Well, in scenes using IDL, additional direct lights usually provide specularity (as IDL cannot provide this). They also provide local lighting effects, like photographers are using flashes and reflectors to brighten up their shots. In those cases, GC does have a role too. Also, IDL mainly affects the overall lighting level in the scene when large objects, especially a SkyDome, are emitting light all around. In those cases, GC might not have a role. So, the extent to use GC in IDL lit scenes is up to you. You might go for the full amount (value 2.20), or for none at all (switch it off, or set the value to 1.00), or for somewhere halfway (set the value to 1.50 then, or try 1.20 or 1.80 instead).
Poser stores its render results in 16-bit per color (48 bit per pixel + transparency) EXR files, in
C:\Users\(your account, might be admin)\AppData\Roaming\Poser Pro\10\RenderCache
Poser can translate those when exporting to the 8-bit per color BMP, TGA, JPG (all without transparency) and the TIF, PNG or even PSD (all with transparency) format, and the 16-bit per color HDR or EXR format (Poser Pro only). Lossy formats like JPG are recommended only when the render does not require any additional post processing anymore, otherwise the lossless TIF, PSD and hires HDR or EXR are recommended instead. Saving to lossy formats should be the final step.
After rendering, the final result is dithered a bit to eliminate banding in subtle gradients and various antialias situations. For the results exported in HDR/EXR format, this is something unwanted, as it might intervene with additional processes in post. The render setting HDRI-optimized output skips this dithering when checked. Note that this will lead to suboptimal results when exporting in any 8-bit per color format.
Poser Pro also can export various aspects of the render separately, like Diffuse, Specularity, Depth and more. This is behind the Auxiliary render data option. This way, all those aspects can be merged in post. Merging in the shadows was already discussed above in this tutorial. More on this in my separate tutorial on Poser Render Passes.
One can define a series of settings for various steps in the workflow (draft, intermediate, final for web, final for print), and for various types of result (Toon, Photoreal, …). And then save and load those settings as presets.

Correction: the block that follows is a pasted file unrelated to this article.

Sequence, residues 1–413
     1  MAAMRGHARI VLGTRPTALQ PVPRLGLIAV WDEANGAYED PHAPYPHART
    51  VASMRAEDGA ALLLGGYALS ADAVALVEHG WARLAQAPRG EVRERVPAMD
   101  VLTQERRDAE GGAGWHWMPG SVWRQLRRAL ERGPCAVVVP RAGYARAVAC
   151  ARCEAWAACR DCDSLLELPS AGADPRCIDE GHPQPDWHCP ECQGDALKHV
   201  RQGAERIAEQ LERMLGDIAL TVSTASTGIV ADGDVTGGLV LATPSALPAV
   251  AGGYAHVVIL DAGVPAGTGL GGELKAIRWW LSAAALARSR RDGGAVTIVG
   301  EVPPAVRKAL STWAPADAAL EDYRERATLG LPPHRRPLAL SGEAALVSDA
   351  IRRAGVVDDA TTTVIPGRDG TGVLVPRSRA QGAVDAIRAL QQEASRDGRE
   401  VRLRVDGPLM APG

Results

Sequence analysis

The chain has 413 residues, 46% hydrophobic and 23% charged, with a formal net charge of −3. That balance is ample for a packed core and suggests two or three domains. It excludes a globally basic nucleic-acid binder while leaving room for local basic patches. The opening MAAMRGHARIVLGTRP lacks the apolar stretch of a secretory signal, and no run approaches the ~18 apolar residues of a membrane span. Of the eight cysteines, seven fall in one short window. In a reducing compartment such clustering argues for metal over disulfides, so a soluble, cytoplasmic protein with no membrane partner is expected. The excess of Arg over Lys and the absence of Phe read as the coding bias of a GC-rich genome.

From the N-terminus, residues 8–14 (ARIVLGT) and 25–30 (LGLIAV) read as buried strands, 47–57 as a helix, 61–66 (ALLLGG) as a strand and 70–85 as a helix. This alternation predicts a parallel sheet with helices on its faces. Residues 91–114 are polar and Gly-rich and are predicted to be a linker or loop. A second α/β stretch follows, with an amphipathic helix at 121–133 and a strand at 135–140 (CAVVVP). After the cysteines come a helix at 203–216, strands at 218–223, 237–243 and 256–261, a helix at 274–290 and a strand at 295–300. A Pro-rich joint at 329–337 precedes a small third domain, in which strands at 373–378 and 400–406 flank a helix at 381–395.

Progressive Mode is a new option to Poser 10 / Poser Pro 2014. It greys out various options from the render settings, and leaves a few which affect the result of the Raytrace Preview window. The ones greyed out will get a standard setting or value, the manual does not tell us which.
Do note that the Raytrace Preview will use those standard values even when they’re not greyed out by the Progressive Mode switch. The switch is just an aid in managing the behavior for this new Preview window.
Do note that when Progressive Mode is left switched ON when rendering, those standard settings are used for the render result as well. This presents you a result which is a larger version of the contents of the new Raytrace Preview window. Switch Progressive Mode OFF to enable the other options again.
My personal observation is that this Raytrace Preview does not work out very well with IDL lit scenes. It does give some clues on the lighting levels, but the result itself is far too coarse for anything else. It does work out great in diret lighting though, and… it’s a Raytrace Previews after all, not an IDL Preview.
From the Render Settings window one can call for the Render Dimensions (= size of the result) dialog, as the similar Poser menu option is out of reach when the Render Settings window is active. Also the rendering can be sent to Background or to the Queue (Poser Pro), instead of running in the foreground. Or the settings can just be saved. That is: to be used when clicking the Render button at the top right of the Document window.